FORT HOOD — Ayrton Villacorte came to the United States from the Philippines when he was 6 years old. Sixteen years later, Villacorte is a soldier, Army war veteran and a brand new U.S. citizen.
“It just feels amazing,” said Villacorte, 22, a track mechanic in the 2nd Battalion, 7th Cavalry Regiment, 4th Brigade Combat Team, 1st Cavalry Division.
Villacorte was one of 10 Fort Hood soldiers who became citizens during a naturalization ceremony Tuesday afternoon at III Corps Headquarters. The Army allows citizens of different countries to join the Army as long as they possess a permanent resident visa, also known as a green card.
Keynote speaker Maj. Gen. Perry Wiggins, commander of First Army Division West, said he “jumped at the opportunity” to be involved in the ceremony and praised the new citizens for the service they have already given to America.
“Our nation’s future remains secure because of you,” Wiggins said.
Mario Ortiz, director of the U.S. Citizenship and Immigration Services district in San Antonio, recited the Oath of Allegiance to the soldiers who repeated the words with right hands raised.
“Every one of these ceremonies is extremely special,” Ortiz said.
The event was the second naturalization ceremony at Fort Hood since November, and more could be on the way if a plan to put them on a regular schedule is approved.
Ortiz said it’s his “understanding” that the event could occur every three months; however, Fort Hood officials said the plan has not yet been approved.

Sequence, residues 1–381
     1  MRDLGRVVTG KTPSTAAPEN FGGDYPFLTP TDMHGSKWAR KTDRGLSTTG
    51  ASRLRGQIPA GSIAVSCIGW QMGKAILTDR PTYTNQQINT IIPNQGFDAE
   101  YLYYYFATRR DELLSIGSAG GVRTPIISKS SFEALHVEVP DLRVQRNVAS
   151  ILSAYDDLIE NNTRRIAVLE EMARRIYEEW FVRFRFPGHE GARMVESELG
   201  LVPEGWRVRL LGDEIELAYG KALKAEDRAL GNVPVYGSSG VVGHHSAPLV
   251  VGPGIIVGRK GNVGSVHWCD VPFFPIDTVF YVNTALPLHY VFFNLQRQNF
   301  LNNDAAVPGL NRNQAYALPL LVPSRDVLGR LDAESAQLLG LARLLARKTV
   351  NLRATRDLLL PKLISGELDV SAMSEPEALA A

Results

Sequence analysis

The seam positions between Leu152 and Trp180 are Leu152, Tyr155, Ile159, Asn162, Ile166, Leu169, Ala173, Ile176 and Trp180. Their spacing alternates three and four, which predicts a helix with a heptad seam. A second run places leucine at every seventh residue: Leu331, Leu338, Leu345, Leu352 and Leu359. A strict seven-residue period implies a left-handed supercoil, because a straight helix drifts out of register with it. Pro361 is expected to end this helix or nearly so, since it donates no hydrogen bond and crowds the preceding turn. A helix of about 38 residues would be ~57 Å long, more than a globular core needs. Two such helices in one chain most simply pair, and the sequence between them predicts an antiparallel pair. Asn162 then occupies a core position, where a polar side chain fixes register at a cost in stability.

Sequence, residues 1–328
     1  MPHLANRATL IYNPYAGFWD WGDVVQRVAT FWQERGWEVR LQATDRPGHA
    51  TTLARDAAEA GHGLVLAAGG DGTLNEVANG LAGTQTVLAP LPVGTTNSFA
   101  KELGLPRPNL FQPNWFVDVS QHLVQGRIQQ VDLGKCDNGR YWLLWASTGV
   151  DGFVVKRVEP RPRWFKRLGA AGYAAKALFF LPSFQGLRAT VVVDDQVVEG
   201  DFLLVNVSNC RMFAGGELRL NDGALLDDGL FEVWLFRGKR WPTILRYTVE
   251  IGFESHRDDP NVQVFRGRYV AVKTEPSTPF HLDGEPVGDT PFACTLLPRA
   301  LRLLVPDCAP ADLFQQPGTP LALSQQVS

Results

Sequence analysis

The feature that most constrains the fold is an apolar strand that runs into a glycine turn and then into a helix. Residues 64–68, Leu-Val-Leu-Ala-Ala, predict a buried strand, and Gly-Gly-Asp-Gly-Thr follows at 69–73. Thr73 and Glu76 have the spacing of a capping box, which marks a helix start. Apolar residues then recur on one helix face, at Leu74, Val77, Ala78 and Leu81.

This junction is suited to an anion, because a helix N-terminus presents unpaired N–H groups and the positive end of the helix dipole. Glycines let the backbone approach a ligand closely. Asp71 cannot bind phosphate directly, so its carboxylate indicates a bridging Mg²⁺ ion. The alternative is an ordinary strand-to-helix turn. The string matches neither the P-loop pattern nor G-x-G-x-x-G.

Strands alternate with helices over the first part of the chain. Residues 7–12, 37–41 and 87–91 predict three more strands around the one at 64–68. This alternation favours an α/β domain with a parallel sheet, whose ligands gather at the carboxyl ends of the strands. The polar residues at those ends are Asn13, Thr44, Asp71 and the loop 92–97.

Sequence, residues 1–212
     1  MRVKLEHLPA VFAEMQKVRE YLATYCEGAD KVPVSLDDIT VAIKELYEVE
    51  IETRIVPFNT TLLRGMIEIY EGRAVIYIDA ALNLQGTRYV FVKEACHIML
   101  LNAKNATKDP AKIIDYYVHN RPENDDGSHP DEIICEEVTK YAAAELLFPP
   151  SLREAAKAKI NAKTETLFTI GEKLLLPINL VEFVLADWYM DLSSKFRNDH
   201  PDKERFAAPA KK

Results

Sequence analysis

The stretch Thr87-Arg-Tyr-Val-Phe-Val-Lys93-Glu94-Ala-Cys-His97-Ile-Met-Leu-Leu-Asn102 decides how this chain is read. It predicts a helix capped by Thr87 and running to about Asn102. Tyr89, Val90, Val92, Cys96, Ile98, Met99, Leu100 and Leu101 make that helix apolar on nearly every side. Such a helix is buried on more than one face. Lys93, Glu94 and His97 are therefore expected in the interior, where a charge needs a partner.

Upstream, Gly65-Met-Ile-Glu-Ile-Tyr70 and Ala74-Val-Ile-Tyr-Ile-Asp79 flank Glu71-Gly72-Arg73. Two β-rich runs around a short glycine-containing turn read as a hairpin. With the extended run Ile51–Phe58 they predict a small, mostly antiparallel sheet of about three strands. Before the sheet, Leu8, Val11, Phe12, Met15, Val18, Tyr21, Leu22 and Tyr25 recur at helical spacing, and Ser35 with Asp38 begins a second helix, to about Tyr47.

Non-American citizens in the military can apply for citizenship with no fees and are granted “expedited processing,” Ortiz said, adding all of the paperwork and interviews can now be conducted at Fort Hood.
Before November, soldiers regularly had to drive to San Antonio to become citizens.
“We really went from soup to nuts,” Ortiz said.
With the naturalization ceremony at Fort Hood, fellow troops of the soldiers earning their citizenship were able to look on, offering pats on the back and handshakes at the conclusion.
The new American citizens were all smiles.
Mexico-native Spc. Fernando Lara, an artilleryman with the 1st Cavalry Division with two tours in Iraq under his belt, said Tuesday’s event was a proud moment in his life.
“Being called a citizen means a lot to me,” he said. “Finally, I have a say in what’s going on.”
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